An intern recently presented a newly admitted patient on morning rounds, reporting that the patient was “status post BKA (below the knee amputation).” “How do you know?” the attending physician inquired. “It has been noted on each of the patient’s prior three discharge notes,” replied the intern, looking up from his computer screen. “Okay,” responded the attending physician. “Let’s go see the patient.”
When the team arrived in the patient’s room, they made a surprising discovery. The patient had two feet and ten toes. Where did the history of BKA come from? It turned out that four hospitalizations ago, the voice recognition dictation system had misunderstood DKA (diabetic ketoacidosis) as BKA, and none of the physicians who reviewed the chart had detected the error. It had now become a permanent part of the electronic medical record — as if written in stone.
The intern’s mistake highlights a growing concern about government-mandated electronic medical records. Will doctors spend more time in front of computer screens and less time with patients?
The U.S. federal government’s partial shutdown entered its seventh day as of Monday. More than 800,000 federal employees across dozens of agencies were furloughed, causing certain service-providing departments across the country to shutter. Additionally, preschool programs like Head Start, government contractors, and hotel/tourism businesses dependent on national parks have all been impacted. Lockheed Martin began furloughing roughly 3,000 employees this week. Since the shutdown began as an attempt to defund key parts of the Affordable Care Act, the shutdown could shape healthcare and some aspects of healthcare business process outsourcing.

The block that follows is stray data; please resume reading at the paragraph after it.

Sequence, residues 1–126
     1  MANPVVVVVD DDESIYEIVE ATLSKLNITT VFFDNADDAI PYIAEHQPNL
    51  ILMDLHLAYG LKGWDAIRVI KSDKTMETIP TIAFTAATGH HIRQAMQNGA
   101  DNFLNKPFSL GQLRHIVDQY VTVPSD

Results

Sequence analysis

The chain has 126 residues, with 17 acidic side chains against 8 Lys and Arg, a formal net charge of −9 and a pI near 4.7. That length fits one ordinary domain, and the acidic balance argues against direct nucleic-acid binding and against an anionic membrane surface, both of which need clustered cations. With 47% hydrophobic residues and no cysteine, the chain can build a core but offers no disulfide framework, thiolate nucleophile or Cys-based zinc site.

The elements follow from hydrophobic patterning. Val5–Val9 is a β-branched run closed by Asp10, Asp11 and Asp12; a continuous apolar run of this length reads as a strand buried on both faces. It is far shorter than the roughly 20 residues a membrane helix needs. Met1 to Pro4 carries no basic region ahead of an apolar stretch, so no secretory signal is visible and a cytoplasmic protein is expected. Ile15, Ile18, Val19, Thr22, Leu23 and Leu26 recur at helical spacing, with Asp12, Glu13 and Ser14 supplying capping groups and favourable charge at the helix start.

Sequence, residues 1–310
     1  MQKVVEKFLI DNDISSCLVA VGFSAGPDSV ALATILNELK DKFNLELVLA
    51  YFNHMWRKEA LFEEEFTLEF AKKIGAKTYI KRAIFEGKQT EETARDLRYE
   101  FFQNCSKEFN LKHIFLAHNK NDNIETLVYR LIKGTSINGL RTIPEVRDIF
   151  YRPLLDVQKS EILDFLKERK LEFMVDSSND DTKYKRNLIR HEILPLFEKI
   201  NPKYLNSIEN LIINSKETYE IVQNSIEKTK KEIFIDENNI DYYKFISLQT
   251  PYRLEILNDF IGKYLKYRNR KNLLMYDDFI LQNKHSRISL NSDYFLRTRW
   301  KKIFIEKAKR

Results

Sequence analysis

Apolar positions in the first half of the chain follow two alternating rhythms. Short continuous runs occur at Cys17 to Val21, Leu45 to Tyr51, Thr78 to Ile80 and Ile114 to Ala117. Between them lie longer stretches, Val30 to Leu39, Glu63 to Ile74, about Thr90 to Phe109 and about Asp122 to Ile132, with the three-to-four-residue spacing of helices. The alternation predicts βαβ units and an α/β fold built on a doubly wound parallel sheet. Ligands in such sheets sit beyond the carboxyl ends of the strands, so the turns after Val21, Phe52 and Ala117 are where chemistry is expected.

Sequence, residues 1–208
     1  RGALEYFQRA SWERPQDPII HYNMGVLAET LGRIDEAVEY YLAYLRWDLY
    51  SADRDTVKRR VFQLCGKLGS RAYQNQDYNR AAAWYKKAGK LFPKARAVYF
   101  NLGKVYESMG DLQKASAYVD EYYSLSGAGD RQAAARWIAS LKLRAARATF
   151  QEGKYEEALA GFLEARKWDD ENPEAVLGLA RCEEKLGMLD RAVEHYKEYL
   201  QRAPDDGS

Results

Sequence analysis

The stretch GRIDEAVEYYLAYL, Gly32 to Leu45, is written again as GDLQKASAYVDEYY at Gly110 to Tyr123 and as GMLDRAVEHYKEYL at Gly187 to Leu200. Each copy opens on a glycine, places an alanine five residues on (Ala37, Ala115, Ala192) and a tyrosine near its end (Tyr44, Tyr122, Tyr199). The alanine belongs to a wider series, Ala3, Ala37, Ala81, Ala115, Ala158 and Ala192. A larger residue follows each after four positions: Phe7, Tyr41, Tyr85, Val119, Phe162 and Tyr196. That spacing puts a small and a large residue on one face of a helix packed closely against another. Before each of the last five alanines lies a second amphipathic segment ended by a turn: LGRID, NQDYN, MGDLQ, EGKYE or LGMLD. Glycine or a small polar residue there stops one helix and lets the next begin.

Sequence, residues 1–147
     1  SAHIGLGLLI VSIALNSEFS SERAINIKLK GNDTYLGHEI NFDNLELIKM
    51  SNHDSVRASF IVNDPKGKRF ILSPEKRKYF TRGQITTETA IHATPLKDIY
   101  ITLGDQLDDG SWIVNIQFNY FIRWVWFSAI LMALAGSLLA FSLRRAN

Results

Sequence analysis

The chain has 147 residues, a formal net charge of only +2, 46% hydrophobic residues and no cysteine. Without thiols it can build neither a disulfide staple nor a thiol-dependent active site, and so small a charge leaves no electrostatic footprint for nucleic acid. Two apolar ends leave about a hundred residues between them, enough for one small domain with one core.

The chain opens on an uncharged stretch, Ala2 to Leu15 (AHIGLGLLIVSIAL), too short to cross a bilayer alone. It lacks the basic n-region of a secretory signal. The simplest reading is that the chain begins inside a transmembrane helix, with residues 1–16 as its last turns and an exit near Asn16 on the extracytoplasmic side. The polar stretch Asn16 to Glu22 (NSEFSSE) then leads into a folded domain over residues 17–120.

Here’s what you need to know about how the shutdown will affect healthcare in general:
- Ironically, the most prominent part of the healthcare law is not affected. Eligible uninsured Americans are still able to sign up for online healthcare exchanges. Most of the money for the Affordable Care Act comes from new taxes and fees, as well as from cost cuts to other programs like Medicare and other types of funding that will continue despite the government shutdown.